Why people are afraid of mental health meds

For years there was such a stigma about taking medication for your mental health. The fear of the dreaded drugs was almost as stigmatised as mental health conditions themselves. But the question is, why?

Before I was correctly diagnosed with Borderline Personality Disorder, I had been to the doctor several times to tell them I wasn’t coping and asked for advice on how to help myself. There were suggestions about mindfulness, counselling and doing lots of exercise, as well as not drinking too much alcohol (something I was doing to try and self-medicate). When they agreed to try me on antidepressant medication, my life changed for the better. So why wouldn’t people want that for themselves?

Ashamed

People are afraid of what others will think of them. I was definitely afraid of what people in my profession would think of me if I told them I was on medication for my brain. When going through a bad patch at work, I ended up having to tell my managers about the depression, anxiety and medication. After a week, they asked me if I was better yet. When I explained that I wasn’t and that the medication was making my brain fuzz, they presented me with a verbal warning. However, despite this lack of understanding and my fear, a few years later I told another employer and they were super supportive.

SILVER LINING: The great thing about medication is that no one needs to know you’re taking it. You can keep that to yourself. If you have the fear of people knowing, just don’t tell anyone. Only tell them when you’re ready.

Looking incapable

This was the biggest fear for me. In the industry I was in, I needed to be top of my game, be the ‘swan’ paddling hard to stay afloat and looking angelic and calm on top. I’ve always been good at putting on different faces depending on where I am. I also got very good at hiding my anxiety, depression and panic attacks behind a forced smile and closed doors.

SILVER LINING: Turns out, I’m actually pretty good at my job and was just in the wrong part of the industry. It took years for me to realise but you learn a lot. I learned that I AM CAPABLE and I CAN DO THINGS and that I’M PRETTY AWESOME. Only tell people about your struggles if you’re comfortable. Confide in a friend, a counsellor or your doctor and only tell people when you feel comfortable doing so. Always know that YOU’RE NOT INCAPABLE and that YOU CAN DO IT.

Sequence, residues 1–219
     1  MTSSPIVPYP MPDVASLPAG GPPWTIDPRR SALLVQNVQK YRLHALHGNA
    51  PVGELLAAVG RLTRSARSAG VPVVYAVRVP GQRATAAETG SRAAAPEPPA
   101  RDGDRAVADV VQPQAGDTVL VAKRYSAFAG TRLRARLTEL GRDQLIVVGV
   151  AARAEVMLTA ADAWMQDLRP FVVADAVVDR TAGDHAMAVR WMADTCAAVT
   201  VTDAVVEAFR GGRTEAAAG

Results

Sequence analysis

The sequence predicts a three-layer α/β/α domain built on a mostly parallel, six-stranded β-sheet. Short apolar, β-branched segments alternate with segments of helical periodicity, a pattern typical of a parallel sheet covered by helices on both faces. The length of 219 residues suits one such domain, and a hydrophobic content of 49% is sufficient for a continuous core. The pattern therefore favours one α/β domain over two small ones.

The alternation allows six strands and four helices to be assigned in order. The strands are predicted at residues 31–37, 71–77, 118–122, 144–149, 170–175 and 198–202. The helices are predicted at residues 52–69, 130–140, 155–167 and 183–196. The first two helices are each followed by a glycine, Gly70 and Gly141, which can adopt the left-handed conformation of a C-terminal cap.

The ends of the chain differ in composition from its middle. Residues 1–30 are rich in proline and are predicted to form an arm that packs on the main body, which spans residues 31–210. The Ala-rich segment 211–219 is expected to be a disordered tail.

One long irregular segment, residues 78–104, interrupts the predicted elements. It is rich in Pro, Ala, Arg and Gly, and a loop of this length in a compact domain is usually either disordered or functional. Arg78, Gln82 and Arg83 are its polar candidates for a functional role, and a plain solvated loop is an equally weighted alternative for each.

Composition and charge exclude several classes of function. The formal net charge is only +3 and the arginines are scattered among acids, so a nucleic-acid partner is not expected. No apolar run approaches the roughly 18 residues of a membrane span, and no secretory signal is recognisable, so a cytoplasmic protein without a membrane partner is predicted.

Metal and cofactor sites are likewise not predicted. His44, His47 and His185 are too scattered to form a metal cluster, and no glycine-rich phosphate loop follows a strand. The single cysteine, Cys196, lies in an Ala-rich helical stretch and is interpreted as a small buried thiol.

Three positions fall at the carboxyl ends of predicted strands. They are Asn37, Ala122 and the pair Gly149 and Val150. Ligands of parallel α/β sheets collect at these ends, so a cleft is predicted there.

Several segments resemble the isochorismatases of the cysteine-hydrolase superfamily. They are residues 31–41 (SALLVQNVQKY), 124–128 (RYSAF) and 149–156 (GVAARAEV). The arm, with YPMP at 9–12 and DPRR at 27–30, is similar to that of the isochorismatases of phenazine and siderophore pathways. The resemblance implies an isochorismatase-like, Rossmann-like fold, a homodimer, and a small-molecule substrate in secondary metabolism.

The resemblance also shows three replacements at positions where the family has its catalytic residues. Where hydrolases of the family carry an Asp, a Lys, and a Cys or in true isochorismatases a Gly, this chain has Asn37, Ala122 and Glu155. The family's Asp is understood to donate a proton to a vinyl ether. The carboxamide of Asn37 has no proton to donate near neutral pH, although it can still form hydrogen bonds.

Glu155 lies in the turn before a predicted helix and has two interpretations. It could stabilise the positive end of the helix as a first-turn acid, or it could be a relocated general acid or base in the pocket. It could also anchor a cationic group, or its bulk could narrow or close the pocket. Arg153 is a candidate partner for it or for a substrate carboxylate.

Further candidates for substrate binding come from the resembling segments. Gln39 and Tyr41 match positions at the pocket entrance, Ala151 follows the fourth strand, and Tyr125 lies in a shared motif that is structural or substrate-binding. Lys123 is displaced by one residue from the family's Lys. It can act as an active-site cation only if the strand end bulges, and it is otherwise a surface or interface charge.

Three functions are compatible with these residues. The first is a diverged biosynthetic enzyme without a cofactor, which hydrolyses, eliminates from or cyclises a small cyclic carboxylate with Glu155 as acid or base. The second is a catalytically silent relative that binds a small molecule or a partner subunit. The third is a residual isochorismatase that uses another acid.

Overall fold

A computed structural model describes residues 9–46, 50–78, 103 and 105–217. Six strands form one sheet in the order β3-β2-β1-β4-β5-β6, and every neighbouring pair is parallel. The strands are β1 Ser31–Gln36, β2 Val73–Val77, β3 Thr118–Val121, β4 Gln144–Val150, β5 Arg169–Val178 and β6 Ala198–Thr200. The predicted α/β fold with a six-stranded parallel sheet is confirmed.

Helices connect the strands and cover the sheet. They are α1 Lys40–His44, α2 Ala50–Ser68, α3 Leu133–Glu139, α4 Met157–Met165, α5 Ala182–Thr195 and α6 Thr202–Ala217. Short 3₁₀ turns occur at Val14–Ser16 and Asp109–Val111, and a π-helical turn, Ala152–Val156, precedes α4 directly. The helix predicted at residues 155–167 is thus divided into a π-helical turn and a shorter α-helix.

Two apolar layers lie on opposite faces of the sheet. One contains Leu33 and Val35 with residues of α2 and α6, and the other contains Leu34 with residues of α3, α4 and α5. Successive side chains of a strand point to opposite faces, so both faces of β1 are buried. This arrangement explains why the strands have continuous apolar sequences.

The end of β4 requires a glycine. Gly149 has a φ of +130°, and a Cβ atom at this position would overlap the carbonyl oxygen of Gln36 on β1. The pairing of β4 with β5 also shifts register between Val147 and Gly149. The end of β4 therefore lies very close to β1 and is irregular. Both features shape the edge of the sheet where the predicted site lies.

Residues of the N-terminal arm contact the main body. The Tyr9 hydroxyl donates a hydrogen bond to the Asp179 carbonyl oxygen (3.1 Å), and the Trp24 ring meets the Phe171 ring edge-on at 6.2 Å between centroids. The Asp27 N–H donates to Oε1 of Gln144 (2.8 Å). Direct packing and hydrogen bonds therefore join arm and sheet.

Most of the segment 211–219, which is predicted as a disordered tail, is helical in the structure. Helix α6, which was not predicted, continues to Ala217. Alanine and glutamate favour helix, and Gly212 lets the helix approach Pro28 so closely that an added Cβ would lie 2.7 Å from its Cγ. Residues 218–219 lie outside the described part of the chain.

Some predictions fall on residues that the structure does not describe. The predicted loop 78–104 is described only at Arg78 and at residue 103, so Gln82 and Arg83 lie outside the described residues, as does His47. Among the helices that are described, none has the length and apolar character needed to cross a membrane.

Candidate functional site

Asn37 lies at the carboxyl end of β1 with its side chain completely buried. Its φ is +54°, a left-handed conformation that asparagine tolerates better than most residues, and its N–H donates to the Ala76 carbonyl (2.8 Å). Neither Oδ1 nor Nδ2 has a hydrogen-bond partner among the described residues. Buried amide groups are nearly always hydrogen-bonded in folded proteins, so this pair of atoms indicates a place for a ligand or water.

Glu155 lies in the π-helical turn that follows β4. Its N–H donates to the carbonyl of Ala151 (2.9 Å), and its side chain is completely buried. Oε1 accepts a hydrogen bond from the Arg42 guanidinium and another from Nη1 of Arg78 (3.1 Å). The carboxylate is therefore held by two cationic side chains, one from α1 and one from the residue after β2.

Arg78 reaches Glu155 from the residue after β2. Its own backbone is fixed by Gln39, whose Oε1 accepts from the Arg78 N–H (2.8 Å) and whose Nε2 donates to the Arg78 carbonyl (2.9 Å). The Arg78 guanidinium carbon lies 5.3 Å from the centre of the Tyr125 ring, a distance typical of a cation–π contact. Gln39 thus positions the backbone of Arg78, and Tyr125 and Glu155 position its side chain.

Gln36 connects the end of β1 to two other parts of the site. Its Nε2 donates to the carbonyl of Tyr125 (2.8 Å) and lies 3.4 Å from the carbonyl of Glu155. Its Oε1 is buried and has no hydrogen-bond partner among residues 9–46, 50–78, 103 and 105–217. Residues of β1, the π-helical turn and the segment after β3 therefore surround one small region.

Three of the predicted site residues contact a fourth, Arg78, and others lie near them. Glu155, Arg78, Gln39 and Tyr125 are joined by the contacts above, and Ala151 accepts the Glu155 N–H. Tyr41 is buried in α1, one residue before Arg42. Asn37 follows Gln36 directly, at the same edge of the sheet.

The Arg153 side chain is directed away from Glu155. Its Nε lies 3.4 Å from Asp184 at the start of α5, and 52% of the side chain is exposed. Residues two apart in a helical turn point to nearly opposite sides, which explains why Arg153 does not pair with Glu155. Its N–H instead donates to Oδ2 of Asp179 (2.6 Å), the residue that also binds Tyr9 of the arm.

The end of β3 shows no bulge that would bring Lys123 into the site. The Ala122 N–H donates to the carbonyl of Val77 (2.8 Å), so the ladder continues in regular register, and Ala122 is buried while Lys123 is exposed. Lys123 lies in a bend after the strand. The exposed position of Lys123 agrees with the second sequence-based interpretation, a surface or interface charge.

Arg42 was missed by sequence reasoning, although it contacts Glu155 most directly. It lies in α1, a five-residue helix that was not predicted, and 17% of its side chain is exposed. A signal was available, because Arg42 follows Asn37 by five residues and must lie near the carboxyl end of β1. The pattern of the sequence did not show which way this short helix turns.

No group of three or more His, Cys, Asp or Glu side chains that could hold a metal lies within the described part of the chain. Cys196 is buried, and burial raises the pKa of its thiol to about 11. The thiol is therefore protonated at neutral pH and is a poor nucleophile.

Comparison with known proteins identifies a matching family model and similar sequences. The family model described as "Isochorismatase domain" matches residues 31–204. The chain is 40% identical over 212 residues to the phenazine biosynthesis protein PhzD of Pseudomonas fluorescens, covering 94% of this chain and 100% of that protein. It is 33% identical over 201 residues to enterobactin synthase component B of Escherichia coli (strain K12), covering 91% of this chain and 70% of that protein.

Side effects

A lot of people avoid taking medication because of the side effects. Admittedly, I had some awful side effects from some of my tablets but when I finally plucked up the courage to tell the doctor that, they were able to help me change over from one to another to another. Not all tablets are made for all people, that’s why there are so many out there. My doctor kept telling me there were only a few but my counsellor said there were so many more. So I pursued it, scary but worth it.

SILVER LINING: If one tablet is making you feel sick or giving you the sweats or night terrors, you can change it. Give it the time it needs to work (6-8 weeks apparently) and if you still don’t feel the side effects fading or that they’re not helping, ask to change them. You have the right. It’s your mind and body.

The silver lining

It’s so hard to tell someone to ignore the above nagging feelings and only because, I’ve been there and I know. I’m not an expert or a doctor but I’ve lived through the fear and the shame and being stubborn and thinking I can do it all by myself. Without the anti-psychotic medication I now take for my Borderline Personality Disorder, I wouldn’t be where I am. I wouldn’t be functioning like a semi-human being. When I forget to pick up my prescription, man do I know about it in the way I’m feeling. But they’ve literally saved me so I can cope with the odd hot sweat or night terror.

Please don’t ever be afraid to help yourself. You can do it. You’re stronger than you realise. It might take a few weeks or a few years but if you feel you need a helping hand, ask your doctor about whether medication is right for you.

Sweet dreams are made of meds…

Sleep is precious. It happens naturally & yet we take the peace of sleep for granted. This is my little pup in her current state of snoozing…

We realise we take sleep for granted when we can’t access it.

In short, I can’t sleep. This is my own fault, however, for 3 reasons:

  1. I didn’t have time to get my prescription for my anti-psychotics at lunchtime today
  2. I haven’t taken cocodamol before bed tonight